As adults, we knew all along that something was wrong, that something was not clicking.  Children also know this, at ages much younger than "experts" suppose.  If children can share this information with each other, with the help of older or more settled AS individuals, they won't feel so alone in their aloneness.  Through hearing their inner voice expressed by other AS children and older AS folks, they'll learn to appreciate that, at their age, aloneness is a manageable feeling, and while not pleasant, most of us have it all our lives.


     (3)  I doubt that AS mentors and role models will go overboard in sharing their success stories.  We know how hard success has been to attain, and we, least of all people, would not say it was easy.  We AS folks should not be presented as displays or exhibits or "poster" children.  Indeed, by having AS persons collaborate in the process from the beginning to the end, rather than act as "presenters" or "treats" for the kids in a limited way, AS kids will see that work-sharing is being modeled before their very eyes.


     The dynamic of cooperation, treatment of persons with equal respect, and the fact valuable work is being done by ALL parties, AS and NT's alike, presents a powerful first glimpse not only of what is possible, but HOW it is done.  After all, isn't that parents do with their children? Constantly?  The kids should be allowed to feel that what they are experiencing and witnessing is not strange, or impossible.  Rather, it is occurring on a very matter-of-fact level, right before them.  I couldn't think of a more positive experience for everyone involved. Such an experience can leave a life-time impression on the child as well as the adult. All adults.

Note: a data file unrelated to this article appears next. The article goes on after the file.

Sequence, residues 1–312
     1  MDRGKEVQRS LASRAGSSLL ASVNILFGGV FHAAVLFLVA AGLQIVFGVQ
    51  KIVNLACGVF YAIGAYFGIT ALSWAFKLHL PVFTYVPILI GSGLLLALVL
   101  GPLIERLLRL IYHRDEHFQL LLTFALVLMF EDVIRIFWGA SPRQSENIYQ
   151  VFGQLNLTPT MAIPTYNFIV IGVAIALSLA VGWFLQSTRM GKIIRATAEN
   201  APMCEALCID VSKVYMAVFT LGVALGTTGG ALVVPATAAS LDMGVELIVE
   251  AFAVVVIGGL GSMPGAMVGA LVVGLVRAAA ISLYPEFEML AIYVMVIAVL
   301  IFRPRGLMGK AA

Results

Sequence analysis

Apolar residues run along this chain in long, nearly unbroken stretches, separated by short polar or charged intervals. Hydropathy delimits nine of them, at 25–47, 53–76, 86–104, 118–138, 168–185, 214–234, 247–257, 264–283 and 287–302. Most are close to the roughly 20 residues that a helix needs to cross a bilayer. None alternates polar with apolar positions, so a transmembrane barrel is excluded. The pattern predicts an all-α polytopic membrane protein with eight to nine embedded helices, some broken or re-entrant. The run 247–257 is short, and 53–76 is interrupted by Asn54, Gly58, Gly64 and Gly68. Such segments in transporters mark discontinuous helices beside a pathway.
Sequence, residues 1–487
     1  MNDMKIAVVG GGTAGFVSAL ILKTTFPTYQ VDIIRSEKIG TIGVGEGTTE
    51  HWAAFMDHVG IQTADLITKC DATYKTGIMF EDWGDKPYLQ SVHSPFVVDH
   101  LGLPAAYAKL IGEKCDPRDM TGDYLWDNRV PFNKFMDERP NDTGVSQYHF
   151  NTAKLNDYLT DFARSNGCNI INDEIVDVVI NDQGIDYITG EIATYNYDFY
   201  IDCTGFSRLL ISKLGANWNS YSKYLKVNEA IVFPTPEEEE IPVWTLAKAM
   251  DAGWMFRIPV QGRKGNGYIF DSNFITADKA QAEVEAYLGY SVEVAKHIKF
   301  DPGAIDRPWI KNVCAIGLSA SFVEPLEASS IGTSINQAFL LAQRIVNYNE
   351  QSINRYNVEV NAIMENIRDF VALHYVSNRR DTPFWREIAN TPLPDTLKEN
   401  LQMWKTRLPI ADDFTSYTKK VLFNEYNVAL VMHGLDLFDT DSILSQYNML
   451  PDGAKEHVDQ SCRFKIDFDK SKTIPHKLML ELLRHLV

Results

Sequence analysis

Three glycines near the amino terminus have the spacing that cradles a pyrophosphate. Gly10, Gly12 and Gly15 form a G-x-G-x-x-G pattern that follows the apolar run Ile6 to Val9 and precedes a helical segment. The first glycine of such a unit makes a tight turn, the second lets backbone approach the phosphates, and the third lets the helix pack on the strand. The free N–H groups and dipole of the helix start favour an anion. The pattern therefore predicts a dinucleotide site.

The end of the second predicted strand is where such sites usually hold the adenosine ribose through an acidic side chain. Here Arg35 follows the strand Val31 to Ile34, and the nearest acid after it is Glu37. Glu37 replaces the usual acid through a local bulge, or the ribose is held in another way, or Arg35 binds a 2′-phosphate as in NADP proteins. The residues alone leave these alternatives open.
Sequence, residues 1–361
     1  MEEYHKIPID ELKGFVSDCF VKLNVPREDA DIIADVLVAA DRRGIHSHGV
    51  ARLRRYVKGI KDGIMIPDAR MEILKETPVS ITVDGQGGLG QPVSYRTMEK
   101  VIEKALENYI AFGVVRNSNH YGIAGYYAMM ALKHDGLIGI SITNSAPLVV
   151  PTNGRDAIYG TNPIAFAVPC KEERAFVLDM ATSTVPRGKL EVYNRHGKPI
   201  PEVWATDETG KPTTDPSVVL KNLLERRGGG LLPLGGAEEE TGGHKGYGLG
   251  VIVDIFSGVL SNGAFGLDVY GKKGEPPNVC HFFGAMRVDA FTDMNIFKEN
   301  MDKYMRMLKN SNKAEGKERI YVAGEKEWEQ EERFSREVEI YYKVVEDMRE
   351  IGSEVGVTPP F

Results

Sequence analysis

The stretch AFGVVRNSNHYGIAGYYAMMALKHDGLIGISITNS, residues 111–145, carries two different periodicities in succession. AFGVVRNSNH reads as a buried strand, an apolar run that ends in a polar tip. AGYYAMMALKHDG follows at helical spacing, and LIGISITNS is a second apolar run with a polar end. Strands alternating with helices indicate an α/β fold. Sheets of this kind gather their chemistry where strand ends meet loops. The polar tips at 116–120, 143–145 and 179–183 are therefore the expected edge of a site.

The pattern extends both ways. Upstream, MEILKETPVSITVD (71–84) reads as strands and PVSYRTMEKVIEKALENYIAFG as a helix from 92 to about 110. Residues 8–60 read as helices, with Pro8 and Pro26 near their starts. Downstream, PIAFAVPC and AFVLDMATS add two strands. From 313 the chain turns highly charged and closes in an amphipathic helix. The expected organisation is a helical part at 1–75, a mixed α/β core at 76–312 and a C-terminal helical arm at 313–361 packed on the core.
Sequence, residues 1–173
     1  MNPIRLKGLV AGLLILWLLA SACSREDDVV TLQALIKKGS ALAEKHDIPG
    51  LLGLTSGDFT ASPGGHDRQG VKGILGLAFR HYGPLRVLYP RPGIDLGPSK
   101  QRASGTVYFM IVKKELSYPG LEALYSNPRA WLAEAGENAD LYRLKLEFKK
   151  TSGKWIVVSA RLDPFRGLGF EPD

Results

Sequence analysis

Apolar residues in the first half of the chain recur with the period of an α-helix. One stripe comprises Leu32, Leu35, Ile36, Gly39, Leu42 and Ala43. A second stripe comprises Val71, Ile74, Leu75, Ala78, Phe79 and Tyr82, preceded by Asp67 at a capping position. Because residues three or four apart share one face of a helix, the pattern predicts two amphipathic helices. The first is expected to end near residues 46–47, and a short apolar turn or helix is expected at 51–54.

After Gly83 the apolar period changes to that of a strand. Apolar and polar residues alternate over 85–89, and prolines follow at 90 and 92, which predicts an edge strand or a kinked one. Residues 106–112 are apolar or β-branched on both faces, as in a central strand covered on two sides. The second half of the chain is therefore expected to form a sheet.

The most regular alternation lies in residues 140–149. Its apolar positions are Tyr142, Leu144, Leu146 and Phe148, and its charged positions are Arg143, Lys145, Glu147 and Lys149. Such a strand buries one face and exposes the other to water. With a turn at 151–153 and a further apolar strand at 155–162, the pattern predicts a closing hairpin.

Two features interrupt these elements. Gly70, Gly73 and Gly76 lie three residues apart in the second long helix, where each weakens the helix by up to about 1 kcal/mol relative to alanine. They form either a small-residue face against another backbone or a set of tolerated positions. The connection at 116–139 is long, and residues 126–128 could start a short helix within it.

I am particularly sensitive to the issue of AS/NT collaboration.  First, it defines society, at least as it is for the moment.  Second, success is possible, and when modeled early, is seen as neither exceptional nor impossible. It is a topic of acute interest to me because I am the founder and a co-principal with three others of an adult AS employment research project.  While it has seen its ups and downs, the experience of collaborative work has been exhilarating and a positive experience for us all.  It certainly has sensitized me and my partners in ways never imagined about what it is like for folks to work on two wavelengths simultaneously, and still arrive at the same destination.


     Of course the other thing is I am a firm believer in is self-determination and self-advocacy.  Kind of shows, huh?


     Do write.  I know you have a busy schedule, and soon mine will become equally busy.  We have met on "autism" a few times. I'm that  "Roger".